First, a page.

Foam Ceramic Filter Iceland Aluminium

Foam Ceramic Filter Iceland Aluminium

Foam Ceramic Filter Iceland Aluminium

Foam Ceramic Filter Iceland Aluminium removes non-metallic inclusions in the aluminum alloy melt, and uses furnace flux for treatment. The ceramic foam filtration technology outside the furnace has long become an important method for the purification of molten aluminum.

Foam Ceramic Filter Iceland Aluminium is used by most aluminum factories to remove inclusions. Liquid aluminum reacts chemically with oxygen, nitrogen, sulfur, carbon and other elements to produce non-metallic impurities. Among them, oxide inclusions (Al2O3) have the most serious pollution to metals.

Ceramic Filter For Foundry is the most effective method to remove inclusions in molten aluminum. The filtration principle is the same as the ceramic tube filtration. It is a deep filtering mechanism.

Foam Ceramic Filter Iceland Aluminium

Ceramic Filter For Foundry has a large flow capacity and is suitable for filtration and purification in continuous casting and continuous rolling production.
The metal filters and fiber cloth filters used by low-end customers can only remove large inclusions in the aluminum alloy melt, but cannot remove the inclusions below micrometers. The metal filter will contaminate the aluminum alloy. Ceramic Filter For Foundry can filter out fine inclusions and significantly improve the mechanical properties and appearance quality of the product.

Although Iceland is located north of the ecliptic and far from the world’s major industrial centers, it has developed a powerful and cheap energy infrastructure. The island is located between two main bifurcated tectonic plates, on top of a huge mantle plume, providing it with inexhaustible geothermal energy.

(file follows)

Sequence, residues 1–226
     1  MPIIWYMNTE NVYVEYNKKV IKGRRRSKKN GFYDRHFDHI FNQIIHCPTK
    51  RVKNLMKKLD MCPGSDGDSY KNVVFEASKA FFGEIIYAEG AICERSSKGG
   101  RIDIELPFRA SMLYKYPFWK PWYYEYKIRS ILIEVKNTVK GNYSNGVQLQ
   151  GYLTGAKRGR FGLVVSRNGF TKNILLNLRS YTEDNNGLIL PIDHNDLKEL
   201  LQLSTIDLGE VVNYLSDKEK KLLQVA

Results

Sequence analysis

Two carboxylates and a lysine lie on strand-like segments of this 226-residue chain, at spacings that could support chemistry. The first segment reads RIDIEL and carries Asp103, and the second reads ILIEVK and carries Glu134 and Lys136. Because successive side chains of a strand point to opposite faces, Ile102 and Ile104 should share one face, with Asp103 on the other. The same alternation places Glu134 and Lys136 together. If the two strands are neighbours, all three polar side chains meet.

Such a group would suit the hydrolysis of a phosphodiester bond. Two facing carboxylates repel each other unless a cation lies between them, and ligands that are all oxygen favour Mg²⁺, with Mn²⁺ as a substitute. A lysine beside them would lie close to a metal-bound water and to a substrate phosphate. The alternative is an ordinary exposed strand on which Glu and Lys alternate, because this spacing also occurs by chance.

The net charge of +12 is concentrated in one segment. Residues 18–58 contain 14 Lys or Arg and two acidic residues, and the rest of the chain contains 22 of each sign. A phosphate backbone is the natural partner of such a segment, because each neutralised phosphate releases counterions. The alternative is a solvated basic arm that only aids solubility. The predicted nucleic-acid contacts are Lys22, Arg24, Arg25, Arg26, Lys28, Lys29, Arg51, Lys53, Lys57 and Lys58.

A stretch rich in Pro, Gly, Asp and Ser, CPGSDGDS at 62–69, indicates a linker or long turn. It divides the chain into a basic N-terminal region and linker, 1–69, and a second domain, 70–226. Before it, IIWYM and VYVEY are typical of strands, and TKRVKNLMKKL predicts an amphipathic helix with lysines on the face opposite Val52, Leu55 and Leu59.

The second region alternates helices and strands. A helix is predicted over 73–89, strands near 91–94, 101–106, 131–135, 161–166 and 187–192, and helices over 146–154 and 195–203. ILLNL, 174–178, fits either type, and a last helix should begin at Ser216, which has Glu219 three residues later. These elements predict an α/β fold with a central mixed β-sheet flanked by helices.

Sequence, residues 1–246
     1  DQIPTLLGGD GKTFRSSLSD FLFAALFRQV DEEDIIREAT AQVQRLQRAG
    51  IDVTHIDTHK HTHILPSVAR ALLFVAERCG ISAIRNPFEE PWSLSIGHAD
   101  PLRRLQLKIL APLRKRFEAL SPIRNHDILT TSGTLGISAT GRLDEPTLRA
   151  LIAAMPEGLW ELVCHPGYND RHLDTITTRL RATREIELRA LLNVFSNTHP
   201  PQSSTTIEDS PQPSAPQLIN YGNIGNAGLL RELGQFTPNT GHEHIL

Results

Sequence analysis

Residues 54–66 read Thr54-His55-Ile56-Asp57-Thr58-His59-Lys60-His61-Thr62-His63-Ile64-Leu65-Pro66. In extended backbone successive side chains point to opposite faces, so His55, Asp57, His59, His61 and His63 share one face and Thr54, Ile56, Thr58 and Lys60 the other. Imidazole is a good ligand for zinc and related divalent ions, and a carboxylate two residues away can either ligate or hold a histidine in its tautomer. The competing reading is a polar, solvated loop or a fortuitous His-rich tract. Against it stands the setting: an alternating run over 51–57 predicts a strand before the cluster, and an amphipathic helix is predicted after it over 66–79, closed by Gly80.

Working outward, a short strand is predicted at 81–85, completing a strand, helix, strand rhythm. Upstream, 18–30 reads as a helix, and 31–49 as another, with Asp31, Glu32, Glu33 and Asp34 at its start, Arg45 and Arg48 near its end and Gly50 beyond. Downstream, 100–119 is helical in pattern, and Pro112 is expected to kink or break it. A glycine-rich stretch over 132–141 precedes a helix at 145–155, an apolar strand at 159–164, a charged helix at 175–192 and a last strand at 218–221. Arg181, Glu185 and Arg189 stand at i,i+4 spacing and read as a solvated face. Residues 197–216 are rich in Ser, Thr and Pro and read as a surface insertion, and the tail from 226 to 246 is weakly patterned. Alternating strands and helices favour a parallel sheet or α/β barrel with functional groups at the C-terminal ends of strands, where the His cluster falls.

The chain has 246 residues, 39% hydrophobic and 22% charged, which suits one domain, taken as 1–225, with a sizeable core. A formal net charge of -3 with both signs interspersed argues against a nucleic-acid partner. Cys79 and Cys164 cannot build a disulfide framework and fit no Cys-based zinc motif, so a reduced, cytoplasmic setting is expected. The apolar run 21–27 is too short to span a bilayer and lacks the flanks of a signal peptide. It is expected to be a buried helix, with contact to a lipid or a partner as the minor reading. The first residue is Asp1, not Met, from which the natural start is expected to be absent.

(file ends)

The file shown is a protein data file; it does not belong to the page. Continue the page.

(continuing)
For centuries, people have used hot springs to bathe and wash clothes, which eventually led to the widespread use of the resulting steam to heat living spaces from the beginning of the 20th century.

In the last century, Iceland began to get involved in other renewable energy sources from this springboard, using hydropower in 1904, and then expanding to solar and wind energy at the end of this century.
Renewable energy now accounts for 85% of the country’s total primary energy supply, which is higher than the total energy budget of any other country on the planet.

Abundant renewable resources coupled with advanced technology to use it at low cost have attracted aluminum producers from abroad.
In addition, Iceland’s national power company Landsvirkjun negotiated a power deal with a particularly favorable, long-term, and LME aluminum price-linked aluminum company-three smelters, one of which is owned by Rio Tinto Alcan, Century and Alcoa, paid the 2014 average The total is USD 24/MWh.
Operating an aluminum smelter in Iceland is more than one-third cheaper than the global average, and is about US$10/MWh higher than the average price paid by smelters on the island.
The industry takes full advantage of the fact that the three aluminum smelters on the island consume more than 70% of the electricity produced each year.

Unfortunately, the exciting days of cheap electricity in Iceland may be coming to an end.
Two recent factors have forced earth-shaking changes in the electricity market-the growing desire to increase the return on capital for electricity production, and the increasing level of energy cost (LCOE) of new power plants in Iceland.

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